With the coronavirus shutdown compelling Texans to stay at home, new voter registrations were down nearly 30% for the first six months of 2020 compared with a similar period in the last presidential election year, according to an American-Statesman analysis of state figures.
The data suggest that a return to shutdown conditions to stymie the spread of COVID-19 could have profound, if murky, implications for races in a tight election year.
The Statesman previously reported that registration was markedly down in big urban counties, which tend to vote Democratic.
The latest numbers show that in Travis County, 4,326 new registrations were collected between March 1 and the end of June — with the bulk of those coming in June.
Over the same period in 2016, more than twice as many people registered in Travis County.
In some ways, the drop in new registrations reflected how the virus has hindered access to key civic institutions, from the library to the marriage altar.
In April 2016, 1,849 Texans registered at libraries or while getting a marriage certificate across the state. Last April, that number was just 418.
In April alone, during the heart of the shutdown, new registrations were down 76% statewide, largely because the bulk of voter registration takes place at driver’s license offices, which were shuttered until late May.
In April 2016, for example, 75,885 Texans registered to vote through the Department of Public Safety; this past April, that number was down to 2,206. (State officials said the reason there were any registrations was that DPS still was processing essential commercial driver’s licenses and handling some license-related forms by mail.)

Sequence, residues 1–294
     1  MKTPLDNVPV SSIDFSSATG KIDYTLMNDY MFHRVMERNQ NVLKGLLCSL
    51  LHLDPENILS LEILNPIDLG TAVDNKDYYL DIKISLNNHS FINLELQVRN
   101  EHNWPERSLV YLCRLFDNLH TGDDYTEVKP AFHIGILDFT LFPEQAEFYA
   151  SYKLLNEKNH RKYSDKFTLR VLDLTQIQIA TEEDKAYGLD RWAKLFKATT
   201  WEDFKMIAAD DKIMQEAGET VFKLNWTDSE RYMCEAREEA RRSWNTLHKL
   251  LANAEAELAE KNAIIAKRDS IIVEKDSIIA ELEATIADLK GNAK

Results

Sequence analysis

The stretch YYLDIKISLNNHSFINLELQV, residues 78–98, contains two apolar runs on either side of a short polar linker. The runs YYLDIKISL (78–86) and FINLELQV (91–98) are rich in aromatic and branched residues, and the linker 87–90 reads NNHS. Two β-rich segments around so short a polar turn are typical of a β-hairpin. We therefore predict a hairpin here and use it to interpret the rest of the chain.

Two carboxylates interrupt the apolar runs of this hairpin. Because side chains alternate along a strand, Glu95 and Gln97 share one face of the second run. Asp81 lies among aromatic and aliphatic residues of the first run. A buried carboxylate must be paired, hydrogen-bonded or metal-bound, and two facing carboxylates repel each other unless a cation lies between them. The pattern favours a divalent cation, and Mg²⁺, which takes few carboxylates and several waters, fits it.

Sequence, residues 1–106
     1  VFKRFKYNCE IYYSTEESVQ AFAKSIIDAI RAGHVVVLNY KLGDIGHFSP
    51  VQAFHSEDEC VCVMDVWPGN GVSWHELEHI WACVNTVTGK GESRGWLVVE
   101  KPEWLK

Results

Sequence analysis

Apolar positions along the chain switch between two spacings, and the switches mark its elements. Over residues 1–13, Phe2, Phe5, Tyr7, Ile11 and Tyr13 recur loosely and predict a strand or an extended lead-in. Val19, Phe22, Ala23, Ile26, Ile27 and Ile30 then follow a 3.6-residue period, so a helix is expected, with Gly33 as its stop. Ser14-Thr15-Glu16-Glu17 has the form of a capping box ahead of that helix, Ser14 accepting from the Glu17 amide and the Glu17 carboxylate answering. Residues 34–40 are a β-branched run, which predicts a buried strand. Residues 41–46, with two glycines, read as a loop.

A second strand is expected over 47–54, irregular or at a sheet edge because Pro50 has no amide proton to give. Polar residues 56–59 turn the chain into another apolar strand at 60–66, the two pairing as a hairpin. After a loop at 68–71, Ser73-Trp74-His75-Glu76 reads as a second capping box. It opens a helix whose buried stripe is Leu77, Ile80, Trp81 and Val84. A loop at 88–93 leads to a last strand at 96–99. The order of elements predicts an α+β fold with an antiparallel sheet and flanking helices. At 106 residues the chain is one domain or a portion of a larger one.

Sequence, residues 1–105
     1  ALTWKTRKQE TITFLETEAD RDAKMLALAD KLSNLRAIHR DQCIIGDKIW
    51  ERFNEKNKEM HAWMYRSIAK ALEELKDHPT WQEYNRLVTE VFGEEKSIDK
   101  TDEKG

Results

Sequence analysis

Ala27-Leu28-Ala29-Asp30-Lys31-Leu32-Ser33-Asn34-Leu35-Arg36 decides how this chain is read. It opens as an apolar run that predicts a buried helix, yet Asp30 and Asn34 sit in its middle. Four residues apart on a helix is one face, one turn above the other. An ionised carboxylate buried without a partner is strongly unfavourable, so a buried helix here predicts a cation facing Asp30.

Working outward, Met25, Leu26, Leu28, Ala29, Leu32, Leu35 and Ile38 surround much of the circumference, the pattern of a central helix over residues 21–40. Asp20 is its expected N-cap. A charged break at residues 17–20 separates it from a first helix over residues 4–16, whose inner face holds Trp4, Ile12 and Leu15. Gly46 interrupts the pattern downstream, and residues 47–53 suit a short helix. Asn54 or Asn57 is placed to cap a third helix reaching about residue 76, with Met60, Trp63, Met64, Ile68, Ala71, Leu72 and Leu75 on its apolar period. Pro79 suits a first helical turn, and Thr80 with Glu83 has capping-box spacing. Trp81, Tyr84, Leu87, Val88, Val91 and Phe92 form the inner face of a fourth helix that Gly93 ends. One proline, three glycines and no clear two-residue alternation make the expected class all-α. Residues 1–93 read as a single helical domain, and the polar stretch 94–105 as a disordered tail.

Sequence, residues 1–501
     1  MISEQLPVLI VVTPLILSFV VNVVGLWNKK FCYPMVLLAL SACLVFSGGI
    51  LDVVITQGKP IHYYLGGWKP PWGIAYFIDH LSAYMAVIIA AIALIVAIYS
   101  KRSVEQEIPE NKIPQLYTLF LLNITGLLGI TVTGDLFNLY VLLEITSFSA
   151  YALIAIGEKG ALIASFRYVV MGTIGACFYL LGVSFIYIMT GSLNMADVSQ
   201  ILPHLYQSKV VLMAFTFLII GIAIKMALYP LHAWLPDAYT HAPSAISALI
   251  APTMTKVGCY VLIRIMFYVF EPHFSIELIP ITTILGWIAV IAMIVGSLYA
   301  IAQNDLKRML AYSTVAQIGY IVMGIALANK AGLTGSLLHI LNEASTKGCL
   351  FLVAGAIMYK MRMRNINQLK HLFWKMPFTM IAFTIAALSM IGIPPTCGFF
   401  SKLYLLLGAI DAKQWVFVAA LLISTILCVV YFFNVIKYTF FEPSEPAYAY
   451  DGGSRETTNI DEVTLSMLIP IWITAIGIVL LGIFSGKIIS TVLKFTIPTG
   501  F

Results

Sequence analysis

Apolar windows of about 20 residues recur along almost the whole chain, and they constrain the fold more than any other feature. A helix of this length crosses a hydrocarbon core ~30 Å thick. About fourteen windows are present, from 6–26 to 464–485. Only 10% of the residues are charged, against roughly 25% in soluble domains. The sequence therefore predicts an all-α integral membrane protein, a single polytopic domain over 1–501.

April walk-in registrations at county courthouses, elections offices or other civic institutions were similarly down, from 8,586 four years ago to 1,863.
In May, too, overall voter registrations were running at 39% of the equivalent period in 2016.
But the data also showed that Texans eager to vote began registering in droves in June, with slightly more people registering then than in June 2016.
Ahead of the slowdown, 16.2 million Texans were registered to vote at the start of March — up 2 million from four years earlier, thanks to an increase in state population and elections that have drawn intense voter interest.
Registration typically increases through October — the last day to register for the November general election this year is Oct. 5 — making the stakes for an early fall lockdown, if it occurs, much higher.
On the last day of voter registration in October 2018, 40,000 people signed up in Travis County.
“I’m convinced we’ll have a good fall even if we’re locked down,” Travis County voter registrar Bruce Elfant said. “There are enough ways people who are motivated to vote can register.”
Volunteer deputy voter registrars — the people who might go door to door or sit beneath a small tent at a rock concert to register would-be voters — are starting to head back into the community, Elfant said.
“We’re looking for ways to safely allow people to easily register to vote,” he said, such as encouraging would-be voters to use Register2Vote.org.
Elfant said the county will soon unveil ways to encourage voter registration through text messages. “We had to throw out the playbook and start over,” he said.
Conventional wisdom holds that Democrats benefit from more voter registrants — the state is growing younger and more racially diverse, along lines that tend to favor Democrats, University of Houston political science professor Brandon Rottinghaus told the Statesman. The Republican base tends to be older and already registered, since members of the GOP are less likely to move from one county to another, he said.
Even so, he said, both parties are reshaping their voter outreach efforts and the “state is booming in all kinds of ways, including in places that make Republicans more competitive.”
“It’s hard to perfectly map registration onto partisan outcomes,” Rottinghaus said.